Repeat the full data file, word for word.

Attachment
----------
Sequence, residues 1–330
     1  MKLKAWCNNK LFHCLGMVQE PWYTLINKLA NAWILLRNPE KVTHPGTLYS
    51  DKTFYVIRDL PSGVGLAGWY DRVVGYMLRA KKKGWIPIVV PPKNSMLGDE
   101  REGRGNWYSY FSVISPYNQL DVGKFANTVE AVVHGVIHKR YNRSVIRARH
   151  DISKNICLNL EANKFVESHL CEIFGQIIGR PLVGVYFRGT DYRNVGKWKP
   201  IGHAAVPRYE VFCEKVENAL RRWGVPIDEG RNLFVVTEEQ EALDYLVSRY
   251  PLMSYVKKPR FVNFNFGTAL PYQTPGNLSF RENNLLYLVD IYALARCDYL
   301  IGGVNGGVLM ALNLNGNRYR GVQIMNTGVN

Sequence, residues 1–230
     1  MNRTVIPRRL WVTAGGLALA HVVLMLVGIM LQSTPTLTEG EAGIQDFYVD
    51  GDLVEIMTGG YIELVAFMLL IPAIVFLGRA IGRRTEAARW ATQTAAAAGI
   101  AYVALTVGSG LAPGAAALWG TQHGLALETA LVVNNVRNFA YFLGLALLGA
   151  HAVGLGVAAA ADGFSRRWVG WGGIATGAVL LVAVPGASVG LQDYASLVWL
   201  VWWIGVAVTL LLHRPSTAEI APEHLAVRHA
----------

Sequence, residues 1–330
     1  MKLKAWCNNK LFHCLGMVQE PWYTLINKLA NAWILLRNPE KVTHPGTLYS
    51  DKTFYVIRDL PSGVGLAGWY DRVVGYMLRA KKKGWIPIVV PPKNSMLGDE
   101  REGRGNWYSY FSVISPYNQL DVGKFANTVE AVVHGVIHKR YNRSVIRARH
   151  DISKNICLNL EANKFVESHL CEIFGQIIGR PLVGVYFRGT DYRNVGKWKP
   201  IGHAAVPRYE VFCEKVENAL RRWGVPIDEG RNLFVVTEEQ EALDYLVSRY
   251  PLMSYVKKPR FVNFNFGTAL PYQTPGNLSF RENNLLYLVD IYALARCDYL
   301  IGGVNGGVLM ALNLNGNRYR GVQIMNTGVN

Sequence, residues 1–230
     1  MNRTVIPRRL WVTAGGLALA HVVLMLVGIM LQSTPTLTEG EAGIQDFYVD
    51  GDLVEIMTGG YIELVAFMLL IPAIVFLGRA IGRRTEAARW ATQTAAAAGI
   101  AYVALTVGSG LAPGAAALWG TQHGLALETA LVVNNVRNFA YFLGLALLGA
   151  HAVGLGVAAA ADGFSRRWVG WGGIATGAVL LVAVPGASVG LQDYASLVWL
   201  VWWIGVAVTL LLHRPSTAEI APEHLAVRHA